In the introduction to their classic Civil War Books, A Critical Bibliography ( 1969), editors Allan Nevins, James I. Robertson Jr., and Bell I. Wiley discuss their criteria for selection of the materials covered. Regarding unpublished manuscripts they note that these "were excluded because . . . in many instances the manuscripts are so widely scattered that compilers would have been unreasonably burdened if they attempted to include them and . . . for the most part, users of manuscripts are professional historians who already know where and how to gain access to these sources" (p. vii). Not only were manuscripts excluded, but most published guides to manuscript collections were as well.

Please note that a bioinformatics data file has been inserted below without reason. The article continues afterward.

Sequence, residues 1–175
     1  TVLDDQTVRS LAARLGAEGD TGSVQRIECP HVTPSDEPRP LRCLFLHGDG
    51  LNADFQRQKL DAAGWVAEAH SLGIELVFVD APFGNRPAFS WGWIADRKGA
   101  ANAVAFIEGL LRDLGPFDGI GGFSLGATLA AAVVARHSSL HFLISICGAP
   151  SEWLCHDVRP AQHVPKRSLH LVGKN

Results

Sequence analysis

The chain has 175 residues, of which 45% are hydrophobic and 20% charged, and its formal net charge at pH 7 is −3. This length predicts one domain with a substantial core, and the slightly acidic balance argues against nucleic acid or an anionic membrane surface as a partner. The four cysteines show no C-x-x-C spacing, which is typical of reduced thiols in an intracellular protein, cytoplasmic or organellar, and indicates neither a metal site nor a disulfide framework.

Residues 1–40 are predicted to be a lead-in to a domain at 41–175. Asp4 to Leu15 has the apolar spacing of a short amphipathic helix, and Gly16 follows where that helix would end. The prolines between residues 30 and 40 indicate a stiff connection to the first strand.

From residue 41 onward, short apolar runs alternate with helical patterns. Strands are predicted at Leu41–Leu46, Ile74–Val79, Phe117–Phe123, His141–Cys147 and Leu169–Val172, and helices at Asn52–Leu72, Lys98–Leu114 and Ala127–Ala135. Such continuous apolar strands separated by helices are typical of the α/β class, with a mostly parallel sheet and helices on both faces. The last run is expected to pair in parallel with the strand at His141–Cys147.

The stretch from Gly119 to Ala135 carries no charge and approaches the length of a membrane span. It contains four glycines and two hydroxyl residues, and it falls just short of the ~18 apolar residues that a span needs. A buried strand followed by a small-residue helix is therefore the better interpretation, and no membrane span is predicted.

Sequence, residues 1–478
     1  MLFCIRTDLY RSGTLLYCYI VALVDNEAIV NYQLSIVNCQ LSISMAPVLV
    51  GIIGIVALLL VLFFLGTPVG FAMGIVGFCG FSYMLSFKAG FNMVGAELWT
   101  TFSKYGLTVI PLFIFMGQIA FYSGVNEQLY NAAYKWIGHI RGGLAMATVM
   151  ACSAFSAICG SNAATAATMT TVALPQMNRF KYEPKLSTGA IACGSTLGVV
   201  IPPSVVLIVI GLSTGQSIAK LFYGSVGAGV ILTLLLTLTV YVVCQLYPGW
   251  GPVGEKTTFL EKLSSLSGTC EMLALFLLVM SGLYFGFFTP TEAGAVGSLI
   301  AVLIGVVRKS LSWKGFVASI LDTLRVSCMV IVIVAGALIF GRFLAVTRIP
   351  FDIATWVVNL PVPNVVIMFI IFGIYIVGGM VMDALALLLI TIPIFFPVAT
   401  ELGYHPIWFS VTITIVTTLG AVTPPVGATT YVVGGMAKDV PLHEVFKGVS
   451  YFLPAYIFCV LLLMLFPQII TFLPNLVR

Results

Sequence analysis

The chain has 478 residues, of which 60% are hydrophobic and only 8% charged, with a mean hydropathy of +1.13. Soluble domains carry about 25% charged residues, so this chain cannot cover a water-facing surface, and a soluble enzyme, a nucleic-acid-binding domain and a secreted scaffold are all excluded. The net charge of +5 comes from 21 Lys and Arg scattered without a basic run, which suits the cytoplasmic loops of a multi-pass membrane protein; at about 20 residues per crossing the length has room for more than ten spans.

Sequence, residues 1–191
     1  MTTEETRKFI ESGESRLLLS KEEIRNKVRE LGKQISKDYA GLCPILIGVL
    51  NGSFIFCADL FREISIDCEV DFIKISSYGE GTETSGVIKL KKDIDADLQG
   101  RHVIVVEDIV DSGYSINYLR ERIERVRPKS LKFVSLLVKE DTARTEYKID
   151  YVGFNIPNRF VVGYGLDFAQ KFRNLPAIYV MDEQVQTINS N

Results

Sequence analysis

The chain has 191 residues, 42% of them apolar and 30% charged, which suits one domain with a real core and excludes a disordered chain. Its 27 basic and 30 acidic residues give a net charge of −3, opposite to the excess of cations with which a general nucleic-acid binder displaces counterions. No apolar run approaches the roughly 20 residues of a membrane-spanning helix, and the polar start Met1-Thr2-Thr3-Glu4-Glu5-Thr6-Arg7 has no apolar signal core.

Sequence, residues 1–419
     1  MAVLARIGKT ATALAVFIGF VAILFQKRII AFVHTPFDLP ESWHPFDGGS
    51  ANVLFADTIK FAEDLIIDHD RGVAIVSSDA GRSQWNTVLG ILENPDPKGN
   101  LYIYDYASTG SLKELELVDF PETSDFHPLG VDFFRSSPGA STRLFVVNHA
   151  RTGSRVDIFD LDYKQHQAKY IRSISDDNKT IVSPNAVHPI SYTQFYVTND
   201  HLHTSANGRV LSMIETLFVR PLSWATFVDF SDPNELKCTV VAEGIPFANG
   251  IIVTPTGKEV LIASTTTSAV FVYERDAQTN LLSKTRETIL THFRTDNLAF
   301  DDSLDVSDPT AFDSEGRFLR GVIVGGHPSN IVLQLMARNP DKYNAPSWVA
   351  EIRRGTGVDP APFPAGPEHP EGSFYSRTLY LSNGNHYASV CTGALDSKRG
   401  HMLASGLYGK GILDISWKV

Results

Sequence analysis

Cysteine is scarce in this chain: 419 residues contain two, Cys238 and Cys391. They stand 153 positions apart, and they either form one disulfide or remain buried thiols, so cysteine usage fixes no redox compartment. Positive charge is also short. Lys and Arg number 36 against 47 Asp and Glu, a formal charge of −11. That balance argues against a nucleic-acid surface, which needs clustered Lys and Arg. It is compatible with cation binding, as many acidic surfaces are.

One can sympathize with the desire not to burden compilers. However, while it is true that in most cases the users of these documents are professional historians, it is doubtful that even they always have a clear idea about where the manuscripts they seek are located and how to access them.
In 1967, when Civil War Books was published, the primary method of communication between scholars about the location of primary sources was word of mouth. Thankfully this is no longer true. In the years since its publication, a number of useful tools have emerged to aid the researcher in search of unpublished manuscript collections relating to the Civil War.
Manuscript collections are the raw material on which scholarly research is built. To state that the Civil War was well documented is, of course, an understatement. In fact, perhaps no other single event in our history was so well documented; it is the subject of over 50,000 published works. This is not surprising. Individuals involved in the conflict sensed that what they were involved in was monumental. Many, like President Rutherford B. Hayes, would